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* A lot of old Chinese buildings (temples, palaces, and government offices, as well as the homes of the wealthy had guardian statues referred to in Chinese as ''shi'', which translates as "lion". An older Western term for them is "foo dogs", and the Japanese, who were introduced to them through Korea, called them "Korean dogs". To the extent they resemble ''any'' real creature it's about as fair to describe them as "dogs with perms/weird heads" as it is to describe them as lions.

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* A lot of old Chinese buildings (temples, palaces, and government offices, as well as the homes of the wealthy wealthy) had guardian statues referred to in Chinese as ''shi'', which translates as "lion". An older Western term for them is "foo dogs", and the Japanese, who were introduced to them through Korea, called them "Korean dogs". To the extent they resemble ''any'' real creature it's about as fair to describe them as "dogs with perms/weird heads" as it is to describe them as lions.
28th Jul '17 1:23:00 PM bfunc
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* A lot of old Chinese buildings (temples, palaces, and government offices, as well as the homes of the wealthy had guardian statues referred to in Chinese as ''shi'', which translates as "lion". An older Western term for them is "foo dogs", and the Japanese, who were introduced to them through Korea, called them "Korean dogs". To the extent they resemble ''any'' real creature it's about as fair to describe them as "dogs with perms/weird heads" as it is to describe them as lions.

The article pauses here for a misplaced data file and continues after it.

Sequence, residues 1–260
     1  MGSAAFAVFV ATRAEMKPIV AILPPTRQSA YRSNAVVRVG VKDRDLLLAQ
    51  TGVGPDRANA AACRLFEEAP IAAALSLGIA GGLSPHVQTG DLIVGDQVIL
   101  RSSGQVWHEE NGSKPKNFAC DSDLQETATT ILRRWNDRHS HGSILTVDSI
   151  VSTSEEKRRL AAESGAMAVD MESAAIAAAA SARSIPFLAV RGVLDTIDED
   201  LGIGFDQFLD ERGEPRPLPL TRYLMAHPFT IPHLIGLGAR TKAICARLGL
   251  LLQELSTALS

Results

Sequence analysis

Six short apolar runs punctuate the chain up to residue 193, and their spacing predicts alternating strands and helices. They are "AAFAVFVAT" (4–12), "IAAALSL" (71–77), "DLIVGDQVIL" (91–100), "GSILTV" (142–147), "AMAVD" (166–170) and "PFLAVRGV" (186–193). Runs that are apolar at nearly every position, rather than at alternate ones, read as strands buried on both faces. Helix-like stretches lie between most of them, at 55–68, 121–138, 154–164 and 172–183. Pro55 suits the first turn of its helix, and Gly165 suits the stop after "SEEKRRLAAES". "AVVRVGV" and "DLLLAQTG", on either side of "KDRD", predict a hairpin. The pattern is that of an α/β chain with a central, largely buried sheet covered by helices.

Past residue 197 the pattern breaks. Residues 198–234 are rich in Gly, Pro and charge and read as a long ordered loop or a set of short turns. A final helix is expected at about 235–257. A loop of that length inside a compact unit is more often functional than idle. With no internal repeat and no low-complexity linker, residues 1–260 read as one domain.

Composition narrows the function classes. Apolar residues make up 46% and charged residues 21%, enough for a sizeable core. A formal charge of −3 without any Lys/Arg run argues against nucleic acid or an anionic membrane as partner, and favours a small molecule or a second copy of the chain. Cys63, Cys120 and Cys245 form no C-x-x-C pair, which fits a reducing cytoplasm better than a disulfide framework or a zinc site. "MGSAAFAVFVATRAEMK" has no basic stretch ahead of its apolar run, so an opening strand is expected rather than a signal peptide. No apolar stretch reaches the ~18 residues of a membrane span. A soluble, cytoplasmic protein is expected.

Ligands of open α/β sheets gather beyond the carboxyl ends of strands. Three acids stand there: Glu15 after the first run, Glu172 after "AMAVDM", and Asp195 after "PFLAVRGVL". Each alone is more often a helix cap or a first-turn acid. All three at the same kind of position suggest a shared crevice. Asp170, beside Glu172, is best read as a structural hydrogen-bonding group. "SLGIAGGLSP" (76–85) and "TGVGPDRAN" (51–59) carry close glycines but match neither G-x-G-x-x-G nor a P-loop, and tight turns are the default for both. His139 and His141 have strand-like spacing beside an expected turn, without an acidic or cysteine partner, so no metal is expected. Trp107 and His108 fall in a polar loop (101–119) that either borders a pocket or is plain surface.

18th Jul '17 7:53:45 PM HeroGal2347
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* Tootsie the Triceratops in ''WesternAnimation/DuckTales'' is [[CousinOliver Bubba]]'s pet Triceratops and behaves like a dog.

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* Tootsie the Triceratops in ''WesternAnimation/DuckTales'' ''WesternAnimation/DuckTales1987'' is [[CousinOliver Bubba]]'s pet Triceratops and behaves like a dog.
15th Jul '17 6:08:39 AM Codefreak5
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* There are the aptly-named Houndeyes from ''VideoGame/HalfLife1'', which look like the back half of a dog with a zillion eyes planted in the torso stump. Despite only having the two legs, they run like an eager puppy, and their call sounds a little like barking simulated by a really cheap synthesizer. In fact, a Houndeye was originally supposed to be an animal companion for the player, following you around for most of the game. This was scrapped when play testers kept shooting the thing anyway, probably because of how alien and hideous the thing is.